We discovered the areas with the greatest potential to house octopuses and discarded other areas where there is hardly any shell in the bottom. We found another octopus inside a mussel, the first we have seen inside this bivalve species! And it seemed to be Paroctopus digueti. After observing it a bit, we also return it comfortably to the bottom.

Interestingly, we found a specimen of Octopus hubbsorum inside a big snail, this was easily distinguishable from the other octopus’s species due to its characteristic colouring pattern. When we put it in the container, after a while it came out, we took some photos and returned quickly to his house. We leave it in its place and continue.

Finally, we found again the first octopus we had registered. We could recognize it because it was still in the same shell and lacked the same frontal arm. Will we find it again on the next expedition?

This first exploration was a success! But we still have a lot to explore in this place and above all much to document!


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Great work team, super proud of this achievement!

Finding octopus dens

Octopuses are famous for their camouflage skills; however, they are also very good at hiding in shelters or dens. Apparently, each octopus has several dens to rest and feed in a certain area, within which they move in search of food. According to our experience working with octopuses, we have observed that each octopus has a couple of "main dens" in which they usually rest most of the time and eat quietly after catching various preys. In addition, they have several "auxiliary dens" within its hunting area, which they use to take refuge from predators, hide while hunting or just relax.

All these dens can be found in cracks between or beneath rocks, holes in the sand, abandoned tires, cans or bottles, among others, and are easily recognizable (especially the "main dens") by the empty mollusc shells littering the doorway. The main entrance of these dens is usually surrounded by an accumulation of small stones, shells of dead bivalves and some exoskeletons of arthropods such as crabs or lobsters.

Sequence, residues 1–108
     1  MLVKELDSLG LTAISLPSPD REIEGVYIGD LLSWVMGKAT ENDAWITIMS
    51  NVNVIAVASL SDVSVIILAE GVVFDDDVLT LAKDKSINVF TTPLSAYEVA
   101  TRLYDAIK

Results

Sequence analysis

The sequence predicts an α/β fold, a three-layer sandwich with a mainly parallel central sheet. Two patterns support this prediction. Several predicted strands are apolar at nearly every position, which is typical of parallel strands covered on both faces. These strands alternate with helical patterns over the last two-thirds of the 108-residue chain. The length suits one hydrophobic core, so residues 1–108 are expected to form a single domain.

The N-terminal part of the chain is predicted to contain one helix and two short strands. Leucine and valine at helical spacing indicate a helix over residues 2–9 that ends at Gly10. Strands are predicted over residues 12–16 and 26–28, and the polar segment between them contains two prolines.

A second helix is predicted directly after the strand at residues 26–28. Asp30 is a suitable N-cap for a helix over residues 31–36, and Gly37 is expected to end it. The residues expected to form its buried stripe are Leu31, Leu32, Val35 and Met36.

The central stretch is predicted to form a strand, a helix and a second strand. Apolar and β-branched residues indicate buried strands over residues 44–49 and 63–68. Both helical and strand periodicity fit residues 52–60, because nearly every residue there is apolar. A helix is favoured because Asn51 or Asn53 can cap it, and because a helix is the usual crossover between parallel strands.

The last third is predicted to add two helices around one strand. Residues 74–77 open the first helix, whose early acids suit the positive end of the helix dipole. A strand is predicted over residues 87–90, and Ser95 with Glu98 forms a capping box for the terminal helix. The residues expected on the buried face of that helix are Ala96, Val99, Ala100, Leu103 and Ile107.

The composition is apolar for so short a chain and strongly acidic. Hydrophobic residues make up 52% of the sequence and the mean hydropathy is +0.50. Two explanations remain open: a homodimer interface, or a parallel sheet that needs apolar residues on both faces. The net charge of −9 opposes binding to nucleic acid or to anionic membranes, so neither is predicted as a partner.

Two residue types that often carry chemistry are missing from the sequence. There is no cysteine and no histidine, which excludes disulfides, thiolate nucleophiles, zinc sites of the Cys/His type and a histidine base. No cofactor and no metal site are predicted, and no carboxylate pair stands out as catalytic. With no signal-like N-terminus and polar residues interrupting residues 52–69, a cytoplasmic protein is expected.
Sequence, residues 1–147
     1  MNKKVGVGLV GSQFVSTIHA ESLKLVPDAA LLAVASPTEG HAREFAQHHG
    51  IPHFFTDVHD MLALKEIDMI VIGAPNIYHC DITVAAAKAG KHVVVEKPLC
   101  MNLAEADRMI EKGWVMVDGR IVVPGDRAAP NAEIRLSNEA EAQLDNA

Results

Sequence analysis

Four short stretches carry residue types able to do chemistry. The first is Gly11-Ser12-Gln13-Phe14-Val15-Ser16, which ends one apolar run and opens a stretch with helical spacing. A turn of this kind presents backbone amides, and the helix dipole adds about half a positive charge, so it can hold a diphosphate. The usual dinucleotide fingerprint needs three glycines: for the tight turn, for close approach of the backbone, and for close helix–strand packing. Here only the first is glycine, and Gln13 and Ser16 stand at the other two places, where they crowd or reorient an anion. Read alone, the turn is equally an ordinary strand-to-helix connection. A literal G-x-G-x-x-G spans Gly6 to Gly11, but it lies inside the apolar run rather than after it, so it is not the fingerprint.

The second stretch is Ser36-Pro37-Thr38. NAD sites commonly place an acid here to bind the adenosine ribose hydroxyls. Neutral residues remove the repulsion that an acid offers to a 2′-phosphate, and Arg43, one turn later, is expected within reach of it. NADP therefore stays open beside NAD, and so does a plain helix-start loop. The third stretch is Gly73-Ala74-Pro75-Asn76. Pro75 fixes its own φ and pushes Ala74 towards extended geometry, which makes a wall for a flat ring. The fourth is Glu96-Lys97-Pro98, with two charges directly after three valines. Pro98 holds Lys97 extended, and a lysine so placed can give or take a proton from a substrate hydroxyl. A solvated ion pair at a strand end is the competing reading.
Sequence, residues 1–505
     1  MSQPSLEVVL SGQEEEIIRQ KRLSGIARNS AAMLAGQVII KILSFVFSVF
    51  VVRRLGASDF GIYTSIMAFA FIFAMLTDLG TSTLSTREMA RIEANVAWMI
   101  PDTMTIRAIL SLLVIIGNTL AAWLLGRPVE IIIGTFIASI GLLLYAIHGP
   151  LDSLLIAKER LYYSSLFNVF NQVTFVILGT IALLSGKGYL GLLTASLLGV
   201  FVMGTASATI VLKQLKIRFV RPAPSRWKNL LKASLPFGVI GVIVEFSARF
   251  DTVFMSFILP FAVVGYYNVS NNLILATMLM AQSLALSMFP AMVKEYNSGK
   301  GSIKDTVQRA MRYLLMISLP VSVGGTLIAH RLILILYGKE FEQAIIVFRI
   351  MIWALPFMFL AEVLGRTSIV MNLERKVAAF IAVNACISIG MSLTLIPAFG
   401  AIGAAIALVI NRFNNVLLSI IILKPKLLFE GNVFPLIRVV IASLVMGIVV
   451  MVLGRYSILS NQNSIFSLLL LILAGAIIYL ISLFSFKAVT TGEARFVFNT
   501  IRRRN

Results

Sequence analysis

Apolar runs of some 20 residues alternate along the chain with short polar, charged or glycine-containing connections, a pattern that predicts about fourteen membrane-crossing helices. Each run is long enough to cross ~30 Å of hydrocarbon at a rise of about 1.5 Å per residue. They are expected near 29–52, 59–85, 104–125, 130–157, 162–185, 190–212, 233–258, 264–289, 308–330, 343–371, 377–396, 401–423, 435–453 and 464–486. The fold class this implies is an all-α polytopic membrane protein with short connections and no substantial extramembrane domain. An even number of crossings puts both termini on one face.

When a den is recent or is inhabited, the remains of shells are completely clean and do not present algae or other epibionts. However, when the shells are visibly accumulated in one place but covered by algae, it can be said that it is an ancient or abandoned lair.

It could be thought that octopuses are somewhat disorganized when leaving the remains of their food right at the entrance of their "houses", or that it is not very intelligent to leave such an obvious signal that the den is occupied by an octopus, however, these remains are actually extremely useful when a predator approaches. We have witnessed that when an octopus feels observed, discovered or threatened inside its den, it hides quickly inside of it and collapses all the shells and rocks in the entrance, creating an immediate barrier against any attacker. This is recycling the "garbage" in a very intelligent and convenient way! This behaviour is especially useful on sandy bottoms where there are not many rocks to use as protection and the shells serve as a rigid and efficient barrier against any threat.

We know that the octopuses we seek in Balandra generally take refuge within bivalve shells, however, when exploring the site, we also found traces of dens under rocks and even in the sand with these characteristic traces. In this case, the shells belonged to very small bivalves (no more than 5 cm in length), so it is likely that they were consumed by the small octopuses that we are looking for.

We still have a lot to document in Balandra and much to discover about these experts in hiding. We hope to find more very soon and share more findings!

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Playa de Balandra

As the only non-Mexican on this project, and also the blog writer, I have the scary prospect of describing the uniqueness of the primary field site we will be working at - Playa de Balandra. I hope I can do it justice.